Just because someone says something is so, it does not make it true.
Shortly before he was executed, Citizen Maximilien Robespierre, the terror of terrors, gave a speech which, these days, beggars belief.
The man who tore the monarchy from the heart of France in the days following the French Revolution of 1789 used his incredible powers of oratory to construct a terrifying reality.
But there’s this speech towards the end: a sign that the reality he was trying to construct was thinning and losing definition.
Robespierre was most put out when Jacques-Rene Hebert began closing Catholic churches and encouraging France to go pagan and worship the god of Reason. It was the guillotine for the atheist, but what to put in his place?
Robespierre had just the thing: the Festival of the Supreme Being.
His speech on the day of the Festival being was intended to be what we would term these days as key note: to set the tone for years to come. A speech with a central or determining principle.
“The day forever fortunate has arrived,” he told his countrymen, “which the French people have consecrated to the Supreme Being. Never has the world which He created offered to Him a spectacle so worthy of His notice. He has watched tyranny, crime, and imposture reign on the earth.
“He sees at this moment a whole nation, grappling with all the oppressions of the human race, suspend the course of its heroic labors to elevate its thoughts and vows toward the great Being who has given it the mission it has undertaken and the strength to accomplish it.”
But just because he declared a crackpot post-revolutionary devotional day, did not make his words true. Robespierre’s effort to determine the future lasted only a few months. Roughly as long as his head stayed attached to his body..
The truly great key note speeches are given with utter integrity at a time when humanity stands at a fork in the road.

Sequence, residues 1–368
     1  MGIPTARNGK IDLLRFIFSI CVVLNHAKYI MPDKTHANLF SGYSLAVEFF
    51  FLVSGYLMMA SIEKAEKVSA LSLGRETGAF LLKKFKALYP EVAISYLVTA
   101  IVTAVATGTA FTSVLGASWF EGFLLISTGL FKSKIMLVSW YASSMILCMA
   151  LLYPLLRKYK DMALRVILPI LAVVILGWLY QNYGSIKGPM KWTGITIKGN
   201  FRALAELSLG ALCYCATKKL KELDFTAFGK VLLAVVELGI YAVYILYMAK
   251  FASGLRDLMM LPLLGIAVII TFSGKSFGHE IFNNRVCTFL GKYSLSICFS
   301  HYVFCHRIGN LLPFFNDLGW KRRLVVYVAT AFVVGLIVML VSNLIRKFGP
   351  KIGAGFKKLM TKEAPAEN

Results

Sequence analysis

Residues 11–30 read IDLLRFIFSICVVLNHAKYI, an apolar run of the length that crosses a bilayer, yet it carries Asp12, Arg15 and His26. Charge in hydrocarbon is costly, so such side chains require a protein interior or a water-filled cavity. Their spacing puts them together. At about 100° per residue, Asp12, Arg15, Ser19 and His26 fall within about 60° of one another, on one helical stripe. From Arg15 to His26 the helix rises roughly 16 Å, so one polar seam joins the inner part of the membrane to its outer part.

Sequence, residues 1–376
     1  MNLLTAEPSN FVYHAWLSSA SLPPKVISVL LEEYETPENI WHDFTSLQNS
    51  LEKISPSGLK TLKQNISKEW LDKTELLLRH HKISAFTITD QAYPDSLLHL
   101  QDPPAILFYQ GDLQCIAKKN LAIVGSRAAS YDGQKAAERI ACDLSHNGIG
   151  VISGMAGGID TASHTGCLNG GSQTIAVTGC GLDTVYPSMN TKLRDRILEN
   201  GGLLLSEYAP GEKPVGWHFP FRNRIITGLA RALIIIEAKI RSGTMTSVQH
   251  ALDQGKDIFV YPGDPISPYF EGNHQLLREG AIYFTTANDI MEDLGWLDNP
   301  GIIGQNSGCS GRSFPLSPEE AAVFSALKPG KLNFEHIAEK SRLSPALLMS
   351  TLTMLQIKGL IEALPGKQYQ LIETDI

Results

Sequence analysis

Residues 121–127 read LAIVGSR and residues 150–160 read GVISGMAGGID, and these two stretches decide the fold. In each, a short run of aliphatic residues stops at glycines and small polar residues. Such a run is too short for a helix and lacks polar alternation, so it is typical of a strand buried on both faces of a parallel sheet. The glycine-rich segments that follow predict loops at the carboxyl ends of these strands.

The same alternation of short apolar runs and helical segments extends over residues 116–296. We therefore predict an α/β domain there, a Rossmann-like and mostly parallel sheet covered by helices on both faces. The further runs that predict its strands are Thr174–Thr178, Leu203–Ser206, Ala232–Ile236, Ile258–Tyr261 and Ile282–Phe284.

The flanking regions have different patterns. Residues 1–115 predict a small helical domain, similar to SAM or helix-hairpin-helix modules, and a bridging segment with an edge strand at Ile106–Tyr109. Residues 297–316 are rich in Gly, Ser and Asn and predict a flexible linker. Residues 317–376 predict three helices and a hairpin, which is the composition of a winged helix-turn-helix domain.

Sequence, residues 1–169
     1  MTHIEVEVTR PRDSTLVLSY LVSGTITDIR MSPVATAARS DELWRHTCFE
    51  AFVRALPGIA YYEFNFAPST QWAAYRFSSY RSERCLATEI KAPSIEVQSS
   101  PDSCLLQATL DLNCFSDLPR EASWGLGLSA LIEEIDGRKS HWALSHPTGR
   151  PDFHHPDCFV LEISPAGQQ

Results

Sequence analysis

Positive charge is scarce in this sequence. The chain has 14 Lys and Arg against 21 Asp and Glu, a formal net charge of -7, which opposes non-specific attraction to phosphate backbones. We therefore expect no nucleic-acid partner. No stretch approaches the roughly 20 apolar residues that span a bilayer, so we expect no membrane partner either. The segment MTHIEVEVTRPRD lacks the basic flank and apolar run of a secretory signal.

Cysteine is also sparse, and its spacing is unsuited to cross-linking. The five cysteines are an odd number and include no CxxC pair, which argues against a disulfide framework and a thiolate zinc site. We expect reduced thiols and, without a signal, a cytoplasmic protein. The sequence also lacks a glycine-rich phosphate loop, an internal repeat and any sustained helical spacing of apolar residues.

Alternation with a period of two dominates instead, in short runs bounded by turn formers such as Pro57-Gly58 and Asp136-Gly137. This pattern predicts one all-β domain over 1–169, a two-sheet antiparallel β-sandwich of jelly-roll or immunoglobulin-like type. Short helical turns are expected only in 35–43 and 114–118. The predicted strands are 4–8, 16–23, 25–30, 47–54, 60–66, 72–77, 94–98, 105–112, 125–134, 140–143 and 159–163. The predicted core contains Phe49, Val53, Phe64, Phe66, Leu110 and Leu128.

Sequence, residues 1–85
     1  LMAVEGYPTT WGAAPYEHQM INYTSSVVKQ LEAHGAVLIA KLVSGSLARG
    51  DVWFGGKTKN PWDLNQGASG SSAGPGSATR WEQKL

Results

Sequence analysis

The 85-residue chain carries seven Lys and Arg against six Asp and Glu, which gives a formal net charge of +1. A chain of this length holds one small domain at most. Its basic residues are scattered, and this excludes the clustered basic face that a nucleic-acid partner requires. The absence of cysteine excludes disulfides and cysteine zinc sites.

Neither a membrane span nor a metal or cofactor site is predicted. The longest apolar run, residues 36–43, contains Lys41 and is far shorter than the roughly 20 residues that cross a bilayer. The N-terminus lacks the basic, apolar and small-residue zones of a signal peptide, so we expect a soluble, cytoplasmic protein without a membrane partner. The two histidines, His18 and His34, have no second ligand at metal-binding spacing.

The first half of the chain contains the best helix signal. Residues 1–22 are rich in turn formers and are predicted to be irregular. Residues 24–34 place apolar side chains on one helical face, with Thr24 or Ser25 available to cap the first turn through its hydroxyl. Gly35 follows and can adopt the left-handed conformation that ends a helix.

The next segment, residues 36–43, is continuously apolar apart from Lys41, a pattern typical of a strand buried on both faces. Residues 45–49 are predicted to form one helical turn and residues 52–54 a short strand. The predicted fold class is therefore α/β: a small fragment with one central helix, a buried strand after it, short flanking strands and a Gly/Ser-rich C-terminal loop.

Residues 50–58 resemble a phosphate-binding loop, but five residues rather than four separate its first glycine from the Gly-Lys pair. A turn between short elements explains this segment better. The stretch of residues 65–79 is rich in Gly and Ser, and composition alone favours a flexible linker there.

Like Winston Churchill’s Iron Curtain speech.
It is an extraordinary piece of rhetoric from 1946, dwarfing any other speech I can think of: an eloquent cry from the heart of a man who has seen war on an unimaginable scale, and who is staring at the dark shadows of conflict once more, created by that Iron Curtain he names so aptly.
“Last time I saw it all coming,” he told Westminster College in Wisconsin on accepting an honorary degree, “and I cried aloud to my own fellow-countrymen and to the world, but no one paid any attention. ….There never was a war in history easier to prevent by timely action than the one which has just desolated such great areas of the globe. It could have been prevented in my belief without the firing of a single shot, and Germany might be powerful, prosperous and honored today; but no one would listen and one by one we were all sucked into the awful whirlpool.
“We surely, ladies and gentlemen, I put it to you, surely, we must not let it happen again.”
Don’t appease Russia, he cautioned: match the Soviet might. Today’s historians say that attitude prevented a third 20th century world war.
Two keynote speeches; two speeches intended to define the world as it stood: one facile and brittle, the other impassioned and underpinned by the darkest and most profound of experiences.
Never in the history of mankind have so many speeches jostled for our attention, as in this fast-paced, multi media, 21st century world. The key note speeches which set history sit amongst them, waiting for posterity to mark them with a fine quill pen.
Whose will stand out, I wonder?
Written for Side View’s weekend theme: